|GREENFINGERS (director/writer: Joel Hershman; screenwriter: based on an article in The New York Times , "Free to Grow Bluebells in England," by Paula Deitz; cinematographer: John Daly; editor: Justin Krish; music: Guy Dagul; cast: Clive Owen (Colin Briggs), Helen Mirren (Georgina Woodhouse), David Kelly (Fergus Wilks), Warren Clarke (Governor Hodge), Danny Dyer (Tony), Adam Fogerty (Raw), Paterson Joseph (Jimmy), Natasha Little (Primrose Woodhouse) Peter Guiness (Dudley), Julie Saunders (Sarah), Lucy Punch (Holly), Sally Edwards (Susan Hodge); Runtime: 91; MPAA Rating: R; producers: Travis Swords/Daniel J. Victor/Trudie Styler; Fireworks Pictures-Samuel Goldwyn Films; 2000)|
dramatic credibility despite being a
by Dennis Schwartz
seems like the Full Monty bullshit again. Loosely
inspired by a 1998 article by Paula Deitz in The
New York Times about a gardening program in the
Leyhill Prison, which offers a newly minted real
open prison in the Cotswolds and allows the
convicts to roam the expansive
country grounds without supervision. The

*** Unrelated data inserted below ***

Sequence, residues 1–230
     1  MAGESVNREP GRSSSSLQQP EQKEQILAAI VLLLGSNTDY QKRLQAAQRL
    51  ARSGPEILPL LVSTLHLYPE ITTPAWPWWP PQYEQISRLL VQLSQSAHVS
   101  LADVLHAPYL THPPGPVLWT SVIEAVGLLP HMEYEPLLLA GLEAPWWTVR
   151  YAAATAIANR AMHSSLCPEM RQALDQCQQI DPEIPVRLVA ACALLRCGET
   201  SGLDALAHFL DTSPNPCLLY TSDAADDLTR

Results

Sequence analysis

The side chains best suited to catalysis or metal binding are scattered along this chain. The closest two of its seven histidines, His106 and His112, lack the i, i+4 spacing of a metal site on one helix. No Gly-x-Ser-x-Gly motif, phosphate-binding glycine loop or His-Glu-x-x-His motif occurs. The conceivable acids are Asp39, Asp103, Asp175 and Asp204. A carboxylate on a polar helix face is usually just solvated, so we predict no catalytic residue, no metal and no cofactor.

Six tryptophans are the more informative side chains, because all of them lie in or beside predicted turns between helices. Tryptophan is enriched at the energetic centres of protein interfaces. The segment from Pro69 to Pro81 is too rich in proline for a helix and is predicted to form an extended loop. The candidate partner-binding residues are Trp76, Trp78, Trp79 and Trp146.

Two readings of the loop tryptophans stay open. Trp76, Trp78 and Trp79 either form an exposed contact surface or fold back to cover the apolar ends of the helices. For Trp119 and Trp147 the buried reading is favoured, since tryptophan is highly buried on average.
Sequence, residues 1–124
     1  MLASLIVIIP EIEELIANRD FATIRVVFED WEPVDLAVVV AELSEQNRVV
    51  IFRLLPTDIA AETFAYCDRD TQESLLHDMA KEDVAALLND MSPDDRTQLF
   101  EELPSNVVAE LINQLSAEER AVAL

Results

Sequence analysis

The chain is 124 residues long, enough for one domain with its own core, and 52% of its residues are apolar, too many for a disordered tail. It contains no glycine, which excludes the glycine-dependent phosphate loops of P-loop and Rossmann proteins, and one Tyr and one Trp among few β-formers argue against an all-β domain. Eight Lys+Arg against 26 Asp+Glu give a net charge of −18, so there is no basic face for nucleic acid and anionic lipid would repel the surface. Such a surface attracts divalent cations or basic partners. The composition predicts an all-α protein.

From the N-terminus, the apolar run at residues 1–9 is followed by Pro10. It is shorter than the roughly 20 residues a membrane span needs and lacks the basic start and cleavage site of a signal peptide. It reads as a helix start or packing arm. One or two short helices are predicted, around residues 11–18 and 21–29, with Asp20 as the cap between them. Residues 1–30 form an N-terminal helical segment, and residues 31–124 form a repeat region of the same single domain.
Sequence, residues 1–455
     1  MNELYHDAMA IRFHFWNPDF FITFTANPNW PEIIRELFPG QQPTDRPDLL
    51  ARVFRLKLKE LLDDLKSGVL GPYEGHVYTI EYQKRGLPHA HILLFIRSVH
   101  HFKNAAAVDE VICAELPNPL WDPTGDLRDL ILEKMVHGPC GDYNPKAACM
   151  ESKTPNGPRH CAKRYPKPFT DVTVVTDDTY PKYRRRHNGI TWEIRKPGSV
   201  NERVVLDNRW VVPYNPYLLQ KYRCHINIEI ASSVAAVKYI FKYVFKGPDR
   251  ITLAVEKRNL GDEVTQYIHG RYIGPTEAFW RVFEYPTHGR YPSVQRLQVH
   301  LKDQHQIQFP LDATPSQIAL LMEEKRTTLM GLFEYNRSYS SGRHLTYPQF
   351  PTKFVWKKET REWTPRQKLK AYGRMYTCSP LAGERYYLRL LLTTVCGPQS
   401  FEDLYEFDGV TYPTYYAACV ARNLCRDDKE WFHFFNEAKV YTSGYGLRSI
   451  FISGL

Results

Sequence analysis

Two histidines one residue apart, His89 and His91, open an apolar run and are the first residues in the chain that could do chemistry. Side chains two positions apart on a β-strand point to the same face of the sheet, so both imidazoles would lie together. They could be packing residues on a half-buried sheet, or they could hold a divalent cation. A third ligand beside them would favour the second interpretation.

inexperienced filmmaker, the Brooklyn born
writer-director Joel Hershman ("Hold
Me, Thrill Me, Kiss Me"), is out of his element
in this social conscious melodrama trying to mine for
comedy and at the same time tell a feel-good
criminal Colin Briggs (Clive Owen), imprisoned since a
teenager and now serving a life- sentence for the
murder of his brother, is transferred to the Edgefield
Prison (a fictionalized prison) located in the Cotswolds,
which is a minimum-security prison.
Governor Hodge (Warren Clarke)
orders him to instal a garden, as his father-figure
cellmate Fergus (David Kelly) preaches about
forbearance and is a garden expert. The prisoner's
creative flower beds catch the attention of the local
celebrity flower maven Georgina
Woodhouse (Helen Mirren), which leads to
Colin's team doing out-reach work and becoming a
competitor in the Hampton Court Palace show.
Georgina's pretty daughter Primrose (Natasha
Little) also catches Colin's eye, as the
reformed convict contemplates a fresh start as a free
man as opposed to the no stress life in prison.
The sentimental story of redemption is too sugary for my taste, and is too didactic for me to be entertained by such mush. The pic seemed out of step with the new century, and lacks dramatic credibility despite being a true story.
REVIEWED ON 9/4/2014 GRADE: C+
Dennis Schwartz: "Ozus' World Movie Reviews"
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